On the Ranch
By Conservancy President & CEO Bob Reid
Last month I wrote about the people who make conservation possible. Now I’ll ask, “Why do we need conservancies?” Maybe instead of restoring habitats and their inhabitants, we should be finding ways of not damaging them in the first place.
Think of all the lifeforms either driven to extinction or nearly so over the past century. Yes, there were many salvations and victories along the way—but why did we have to let it go that far? Were commerce, expansion, growth, and enterprise so important that they couldn’t be achieved without destruction? Obviously, we cannot do anything about the past, but we can be—and should be—doing more about our future.
The 2008 Land Use and Ranch Wide Agreement (RWA), creating the Tejon Ranch Conservancy and protecting 240,000 acres and its many lifeforms, was a big step in this direction here at Tejon. The Tejon Ranch is a private working ranch, and the RWA provided for “reserved rights” allowing the business aspects of the Tejon Ranch Company to continue, but to do so following best management practices (BMPs) for these various activities to minimize their impact on the landscape. A large part of our work at the Conservancy is working with the landowner to ensure this approach is working.
If we are successful, we leave behind an important conservation legacy. But it won’t happen on its own, nor will it succeed just because we want it to. It takes diligence, planning, thought, hard work, and a commitment to knitting together all the forces that come into play here at Tejon. It’s a complex approach in a complex environment simply aimed at conservation.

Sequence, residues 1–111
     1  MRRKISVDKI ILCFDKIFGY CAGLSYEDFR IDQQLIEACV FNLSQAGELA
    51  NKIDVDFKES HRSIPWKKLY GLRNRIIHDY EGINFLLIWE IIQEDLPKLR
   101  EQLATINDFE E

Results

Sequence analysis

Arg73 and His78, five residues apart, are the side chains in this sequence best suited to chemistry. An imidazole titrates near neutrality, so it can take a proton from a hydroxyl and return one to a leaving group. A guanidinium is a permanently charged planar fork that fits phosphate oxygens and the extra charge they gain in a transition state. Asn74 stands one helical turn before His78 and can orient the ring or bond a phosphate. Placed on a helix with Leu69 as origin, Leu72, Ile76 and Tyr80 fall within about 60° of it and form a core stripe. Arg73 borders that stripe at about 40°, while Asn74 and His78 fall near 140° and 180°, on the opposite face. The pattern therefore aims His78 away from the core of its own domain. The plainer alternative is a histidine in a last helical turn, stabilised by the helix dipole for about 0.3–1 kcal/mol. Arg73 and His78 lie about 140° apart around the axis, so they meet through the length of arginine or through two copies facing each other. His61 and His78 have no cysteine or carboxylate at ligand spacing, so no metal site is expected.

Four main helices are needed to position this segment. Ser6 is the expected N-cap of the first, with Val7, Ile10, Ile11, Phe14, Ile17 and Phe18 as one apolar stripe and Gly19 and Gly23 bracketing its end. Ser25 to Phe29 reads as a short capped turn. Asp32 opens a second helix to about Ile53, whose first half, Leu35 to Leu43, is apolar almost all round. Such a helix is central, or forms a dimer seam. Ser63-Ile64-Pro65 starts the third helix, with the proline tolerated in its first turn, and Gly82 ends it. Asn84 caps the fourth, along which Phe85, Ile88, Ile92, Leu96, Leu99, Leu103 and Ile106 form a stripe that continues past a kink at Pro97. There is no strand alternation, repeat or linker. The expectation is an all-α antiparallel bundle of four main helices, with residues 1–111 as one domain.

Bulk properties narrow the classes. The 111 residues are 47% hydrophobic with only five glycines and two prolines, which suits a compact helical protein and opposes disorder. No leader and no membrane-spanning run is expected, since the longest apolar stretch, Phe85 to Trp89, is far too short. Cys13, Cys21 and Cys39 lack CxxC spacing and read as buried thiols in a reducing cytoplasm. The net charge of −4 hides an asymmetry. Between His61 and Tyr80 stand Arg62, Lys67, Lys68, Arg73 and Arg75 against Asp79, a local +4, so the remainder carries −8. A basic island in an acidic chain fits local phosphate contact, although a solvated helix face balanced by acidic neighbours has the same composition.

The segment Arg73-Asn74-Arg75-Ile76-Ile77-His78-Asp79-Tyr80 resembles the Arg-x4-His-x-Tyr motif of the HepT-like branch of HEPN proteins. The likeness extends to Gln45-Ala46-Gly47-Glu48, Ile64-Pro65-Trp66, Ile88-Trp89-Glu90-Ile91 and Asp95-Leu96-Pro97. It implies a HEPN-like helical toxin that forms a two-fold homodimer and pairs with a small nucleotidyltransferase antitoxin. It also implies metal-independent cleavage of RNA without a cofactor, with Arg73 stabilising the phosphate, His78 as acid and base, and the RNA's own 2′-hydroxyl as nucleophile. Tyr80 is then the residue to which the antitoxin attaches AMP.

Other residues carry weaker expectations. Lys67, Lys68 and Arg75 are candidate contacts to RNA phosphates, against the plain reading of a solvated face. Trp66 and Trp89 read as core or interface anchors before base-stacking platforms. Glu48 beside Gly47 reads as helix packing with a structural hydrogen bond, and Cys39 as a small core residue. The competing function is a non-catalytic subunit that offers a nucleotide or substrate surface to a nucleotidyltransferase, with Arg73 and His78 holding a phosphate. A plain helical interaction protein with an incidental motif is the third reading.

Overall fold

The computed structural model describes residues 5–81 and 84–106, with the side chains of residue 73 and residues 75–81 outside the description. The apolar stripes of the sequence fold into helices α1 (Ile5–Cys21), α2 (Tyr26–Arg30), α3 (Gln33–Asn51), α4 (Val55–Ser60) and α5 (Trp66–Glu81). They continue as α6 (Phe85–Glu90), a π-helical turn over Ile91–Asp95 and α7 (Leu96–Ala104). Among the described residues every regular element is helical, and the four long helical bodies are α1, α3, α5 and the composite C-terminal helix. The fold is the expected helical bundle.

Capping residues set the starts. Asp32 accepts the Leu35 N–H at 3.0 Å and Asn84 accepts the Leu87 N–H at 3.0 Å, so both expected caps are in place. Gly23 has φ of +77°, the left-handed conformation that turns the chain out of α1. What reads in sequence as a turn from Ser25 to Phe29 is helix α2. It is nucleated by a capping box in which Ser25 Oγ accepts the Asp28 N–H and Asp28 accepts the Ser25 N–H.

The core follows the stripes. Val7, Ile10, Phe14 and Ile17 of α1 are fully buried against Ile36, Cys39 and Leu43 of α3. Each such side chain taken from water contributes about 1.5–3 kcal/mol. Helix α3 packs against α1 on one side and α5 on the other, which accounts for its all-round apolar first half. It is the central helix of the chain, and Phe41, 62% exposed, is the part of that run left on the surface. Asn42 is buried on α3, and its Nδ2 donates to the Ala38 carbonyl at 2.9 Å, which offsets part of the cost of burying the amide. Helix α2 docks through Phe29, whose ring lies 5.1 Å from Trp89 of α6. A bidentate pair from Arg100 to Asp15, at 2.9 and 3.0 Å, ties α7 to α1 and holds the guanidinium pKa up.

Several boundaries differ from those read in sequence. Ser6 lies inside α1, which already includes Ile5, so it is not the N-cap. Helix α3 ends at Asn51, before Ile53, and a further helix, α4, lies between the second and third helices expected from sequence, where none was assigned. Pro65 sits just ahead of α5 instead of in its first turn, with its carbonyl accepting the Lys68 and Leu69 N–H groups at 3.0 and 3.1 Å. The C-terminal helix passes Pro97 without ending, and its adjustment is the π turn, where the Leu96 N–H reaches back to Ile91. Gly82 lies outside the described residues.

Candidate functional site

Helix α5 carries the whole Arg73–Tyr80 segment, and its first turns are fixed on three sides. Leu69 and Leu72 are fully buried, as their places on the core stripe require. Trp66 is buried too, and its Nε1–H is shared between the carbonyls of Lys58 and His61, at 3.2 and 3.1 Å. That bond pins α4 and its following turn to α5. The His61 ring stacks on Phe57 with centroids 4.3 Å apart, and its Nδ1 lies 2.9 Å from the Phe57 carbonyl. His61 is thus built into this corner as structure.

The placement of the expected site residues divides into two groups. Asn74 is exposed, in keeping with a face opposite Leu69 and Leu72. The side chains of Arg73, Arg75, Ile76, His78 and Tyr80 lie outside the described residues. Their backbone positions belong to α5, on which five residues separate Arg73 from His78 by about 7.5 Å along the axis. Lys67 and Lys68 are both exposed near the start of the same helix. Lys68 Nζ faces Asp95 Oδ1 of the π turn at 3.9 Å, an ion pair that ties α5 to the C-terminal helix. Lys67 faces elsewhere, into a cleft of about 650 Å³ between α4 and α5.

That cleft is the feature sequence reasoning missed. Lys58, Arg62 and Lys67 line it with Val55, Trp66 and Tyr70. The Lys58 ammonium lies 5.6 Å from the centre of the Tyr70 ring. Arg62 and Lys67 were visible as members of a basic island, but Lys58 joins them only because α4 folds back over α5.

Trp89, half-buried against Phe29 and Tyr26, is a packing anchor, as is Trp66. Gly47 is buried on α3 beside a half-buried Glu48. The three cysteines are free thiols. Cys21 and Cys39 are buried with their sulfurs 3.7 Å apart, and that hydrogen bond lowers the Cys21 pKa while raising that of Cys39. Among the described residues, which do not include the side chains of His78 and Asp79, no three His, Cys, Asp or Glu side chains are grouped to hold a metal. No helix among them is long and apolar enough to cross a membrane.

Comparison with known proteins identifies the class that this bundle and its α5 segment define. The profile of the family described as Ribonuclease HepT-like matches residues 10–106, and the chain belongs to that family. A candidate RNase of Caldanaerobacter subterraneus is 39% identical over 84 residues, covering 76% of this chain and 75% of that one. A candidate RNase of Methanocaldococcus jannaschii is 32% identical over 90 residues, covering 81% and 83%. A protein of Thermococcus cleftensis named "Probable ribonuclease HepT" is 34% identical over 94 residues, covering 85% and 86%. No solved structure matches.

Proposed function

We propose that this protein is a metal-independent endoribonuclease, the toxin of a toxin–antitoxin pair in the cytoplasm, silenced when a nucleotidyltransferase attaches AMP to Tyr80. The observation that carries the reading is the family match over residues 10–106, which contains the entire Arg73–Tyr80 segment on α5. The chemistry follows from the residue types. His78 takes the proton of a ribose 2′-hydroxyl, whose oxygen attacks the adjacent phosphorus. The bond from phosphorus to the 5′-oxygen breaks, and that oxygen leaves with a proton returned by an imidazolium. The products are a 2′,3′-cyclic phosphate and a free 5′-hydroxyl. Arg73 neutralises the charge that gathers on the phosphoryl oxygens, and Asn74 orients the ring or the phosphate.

I want my grandchildren to live in a world that no longer needs to “rescue” species, but considers conservation no different than anything else—something we practice every day in every way. I want their grandchildren to experience condors, mountain lions, wildflowers, eagles, badgers, oaks, skinks, blue skies, chilly winds, and more, all as if it was perfectly natural—because it is.
Sadly, we do need conservancies. So I’m happy the Tejon Ranch Conservancy is here doing this work and invite you to help create this conservation future by joining with us here at Tejon.
See you on the Ranch!
President and CEO